You’re all set! You’ve done your research on what golf clubs to buy, you went and got fitted, and you even bought some stylish new gold duds to look like a pro when you step up to the tee box. The only problem is, you can’t seem to break 90.
I know the frustration, you feel like you’ve done everything to set yourself up for success, but you can’t get past that next milestone. Golf can be an extremely frustrating sport, especially the more you play. When you first start, you are just happy to be out there, it’s all-new, and you tell yourself the more you play, the better you’ll get, but there comes the point when you’ve played multiple times, and you start to focus on your score. That’s when the frustration begins to creep in. You’ve definitely improved, but you’re still not breaking that all elusive score of 90.
To kick this article off, let’s start at the very beginning of your round and add one thing to your routine before you even step onto the tee box. Warming up properly before you jump onto the course and start swinging. Warming up does not just mean grabbing a small bucket of balls at the driving range; it also includes stretching. I know what you are thinking. How on earth could stretching help my golf game? Well, I’m glad you asked. So, let’s dive into the why’s right now.
A consistent golf swing requires that your body is in a relaxed, tension-free state because a golf swing is highly complicated and involves a series of compound actions that function in an organized sequence to strike a golf ball straight and with accuracy. Remember, all of this happens within a second, and if one of these motions is out of sequence, your shot will suffer. Not only your shot, but your body will suffer.
Remember, your body is the tool that drives the club, and that tool takes the wear and tear with each swing. That’s where having flexibility is so important. Flexibility and strength allow you to hit the ball further and with more accuracy. However, when you strike the ball, a lot of force is applied to your waist, and that impact is over eight times your body weight! Your body has to be able to absorb that over and over again; otherwise, you will start to break down and suffer injuries.
Here are three immediate benefits of stretching:
Lengthen tissue, which allows you to have a greater range of motion, which will take the pressure off your lower back and shoulders.
A stretched and warm muscle has more blood in it, which improves the muscles’ ability to perform.
Stretching removes waste from the tissue, which generally causes inflammation and soreness.
Ok, you’re probably thinking, what does this guy know? I don’t need to stretch! I get it, and that’s why I found a study that was done in 2015 which shows the effects of stretching on the Amateur Golf Swing. I won’t make you read the whole study, so I’ll sum it up for you. The study, which was a 12-week golf-specific stretch program, showed statistical changes in Golfer’s performance, proving that Golfer’s in the study experienced an average improvement of 13yds in driving distance compared to a four yd increase in the control group. That’s 13yds of extra distance without doing anything else to their swing, but wait, there’s more. The study also showed each Golfer saw a 23% increase in accuracy compared to 3% in the control group. Ball speed after impact also increased in the group who routinely stretched: 7% compared to 3% in the non-stretching. I’m sure additional yardage and increased accuracy would help our overall game and probably help lower our scores.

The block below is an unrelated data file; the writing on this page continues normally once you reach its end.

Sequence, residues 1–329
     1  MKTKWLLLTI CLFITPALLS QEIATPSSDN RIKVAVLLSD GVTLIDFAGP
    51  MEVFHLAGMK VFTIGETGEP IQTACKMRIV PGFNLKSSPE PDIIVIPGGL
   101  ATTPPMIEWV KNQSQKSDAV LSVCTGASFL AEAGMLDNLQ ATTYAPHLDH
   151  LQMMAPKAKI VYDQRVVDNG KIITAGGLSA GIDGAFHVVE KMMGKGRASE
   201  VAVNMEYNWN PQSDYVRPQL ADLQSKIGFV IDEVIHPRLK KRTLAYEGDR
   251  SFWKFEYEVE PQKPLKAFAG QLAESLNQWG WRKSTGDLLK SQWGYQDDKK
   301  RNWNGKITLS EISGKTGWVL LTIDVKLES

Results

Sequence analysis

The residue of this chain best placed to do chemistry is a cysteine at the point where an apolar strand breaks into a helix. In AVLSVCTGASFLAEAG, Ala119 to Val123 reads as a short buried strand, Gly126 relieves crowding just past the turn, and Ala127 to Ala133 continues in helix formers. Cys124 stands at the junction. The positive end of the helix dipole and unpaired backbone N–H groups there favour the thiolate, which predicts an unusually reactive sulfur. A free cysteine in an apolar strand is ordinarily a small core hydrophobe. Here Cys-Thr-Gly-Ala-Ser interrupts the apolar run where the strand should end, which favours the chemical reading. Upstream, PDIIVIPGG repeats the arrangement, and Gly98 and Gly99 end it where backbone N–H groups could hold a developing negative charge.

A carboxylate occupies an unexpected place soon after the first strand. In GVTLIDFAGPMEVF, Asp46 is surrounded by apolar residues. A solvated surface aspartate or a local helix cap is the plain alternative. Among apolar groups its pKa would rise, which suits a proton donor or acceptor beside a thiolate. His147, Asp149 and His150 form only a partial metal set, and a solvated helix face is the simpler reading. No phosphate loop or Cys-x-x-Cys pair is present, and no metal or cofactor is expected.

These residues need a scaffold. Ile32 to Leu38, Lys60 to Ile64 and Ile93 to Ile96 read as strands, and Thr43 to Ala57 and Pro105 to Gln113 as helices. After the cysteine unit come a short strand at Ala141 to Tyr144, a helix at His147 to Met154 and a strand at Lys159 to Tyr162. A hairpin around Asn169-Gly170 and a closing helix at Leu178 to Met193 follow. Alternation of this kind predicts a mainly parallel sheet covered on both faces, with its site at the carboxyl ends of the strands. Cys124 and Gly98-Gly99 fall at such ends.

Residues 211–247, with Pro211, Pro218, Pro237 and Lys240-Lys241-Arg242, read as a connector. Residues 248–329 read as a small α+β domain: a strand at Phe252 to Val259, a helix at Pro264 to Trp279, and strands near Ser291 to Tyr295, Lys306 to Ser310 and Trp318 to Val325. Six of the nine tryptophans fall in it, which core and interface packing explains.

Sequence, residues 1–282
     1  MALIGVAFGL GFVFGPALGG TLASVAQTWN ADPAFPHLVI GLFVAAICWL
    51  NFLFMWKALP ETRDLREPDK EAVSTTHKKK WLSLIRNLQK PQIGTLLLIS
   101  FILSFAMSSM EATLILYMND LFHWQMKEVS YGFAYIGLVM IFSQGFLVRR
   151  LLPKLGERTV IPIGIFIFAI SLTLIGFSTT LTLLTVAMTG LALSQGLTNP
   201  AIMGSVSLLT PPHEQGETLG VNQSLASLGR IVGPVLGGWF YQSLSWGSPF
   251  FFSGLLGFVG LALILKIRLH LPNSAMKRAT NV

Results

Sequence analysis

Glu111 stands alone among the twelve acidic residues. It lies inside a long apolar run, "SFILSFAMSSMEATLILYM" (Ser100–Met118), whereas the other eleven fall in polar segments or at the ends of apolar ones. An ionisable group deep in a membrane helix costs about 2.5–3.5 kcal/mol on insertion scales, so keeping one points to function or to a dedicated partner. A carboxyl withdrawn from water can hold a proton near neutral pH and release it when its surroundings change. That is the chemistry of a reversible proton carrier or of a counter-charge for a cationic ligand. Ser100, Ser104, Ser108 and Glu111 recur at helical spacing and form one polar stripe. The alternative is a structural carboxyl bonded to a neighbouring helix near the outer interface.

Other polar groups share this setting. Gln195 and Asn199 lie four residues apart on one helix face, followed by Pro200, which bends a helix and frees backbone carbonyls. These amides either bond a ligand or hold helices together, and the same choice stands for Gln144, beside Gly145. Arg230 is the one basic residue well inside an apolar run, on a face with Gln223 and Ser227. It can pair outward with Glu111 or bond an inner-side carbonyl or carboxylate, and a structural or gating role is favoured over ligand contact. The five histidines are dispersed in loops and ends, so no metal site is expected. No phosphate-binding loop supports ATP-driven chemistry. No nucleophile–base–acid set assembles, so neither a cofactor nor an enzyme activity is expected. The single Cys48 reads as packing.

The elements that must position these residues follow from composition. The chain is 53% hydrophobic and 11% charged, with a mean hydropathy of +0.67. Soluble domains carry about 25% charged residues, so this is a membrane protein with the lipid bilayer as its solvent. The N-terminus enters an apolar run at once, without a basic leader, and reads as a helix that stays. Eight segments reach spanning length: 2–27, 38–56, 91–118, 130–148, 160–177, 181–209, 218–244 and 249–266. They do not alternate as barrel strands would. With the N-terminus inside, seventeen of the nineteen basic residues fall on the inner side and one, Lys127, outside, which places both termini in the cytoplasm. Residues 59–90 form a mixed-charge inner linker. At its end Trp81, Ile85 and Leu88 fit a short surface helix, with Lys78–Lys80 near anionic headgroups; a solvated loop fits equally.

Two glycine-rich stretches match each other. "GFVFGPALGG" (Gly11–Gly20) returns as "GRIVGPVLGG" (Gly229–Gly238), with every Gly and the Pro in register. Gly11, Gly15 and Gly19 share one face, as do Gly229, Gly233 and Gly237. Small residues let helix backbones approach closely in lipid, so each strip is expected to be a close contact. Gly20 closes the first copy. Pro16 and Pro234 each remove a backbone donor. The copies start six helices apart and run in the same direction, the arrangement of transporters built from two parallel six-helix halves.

So, now that I’ve dropped the benefits of stretching knowledge on you let’s give you a few stretches that you can do to get the blood flowing.
1. Bent Arm Upper Back and Shoulder Stretch
Stretch your right arm across your chest, bend it at a 90-degree angle, and pull it towards you. Hold the pressure for a few seconds, and repeat with the other arm. This will help loosen your back, arms, and shoulders.
2. Bent Arm Upper Back and Shoulder Stretch
Take your golf stance, then stand up straight. Raise your arms above your head and then bend from your side towards your leg, making sure to stay upright and not tilt forward. Repeat from the other side. This will stretch your obliques, which will help you get that all-important golf swing side bend.
3. Torso Stretch
Take your driver and place it across your shoulders. Stand with your feet shoulder-width apart. Wrap your arms around the club at either end. Lean slightly back, which will stretch your back muscles. Next, bend side to side so that you loosen up both your side muscles and shoulders. Finally, bend forward to extend your back.
4. Partial Squat
Take your golf club in your hand, and perform a partial squat. Stand with your feet shoulder-width apart and place the club right in front of you, holding with both hands for balance. Lower your body by bending at the knees, not the hips, while raising the club simultaneously. Raise back up and repeat ten times. It is essential to keep your upper body very erect.
This exercise aims to increase your blood flow and circulation throughout your body. This is a great total body warm-up to allow your body to make a relaxed, comfortable first swing. It also increases the range of motion in your hip, which encourages a more synchronized swing from the ground up.
5. Rotation Twist Stretch
Hold a golf club chest high with the grip at shoulder-width apart. While keeping your feet and hips stable, rotate the club to the right and the left. Try to breathe out on every turn to release tension. Repeat each side ten times.
This stretch will focus on your specific trunk muscles to make an aggressive move from the first tee on. This also prepares proper sequencing of the swing while warming muscles. In addition, this exercise will improve body movements during the swing from the beginning. This way, you will avoid the dreaded miss strikes on the first couple of holes as your body gets warmed up.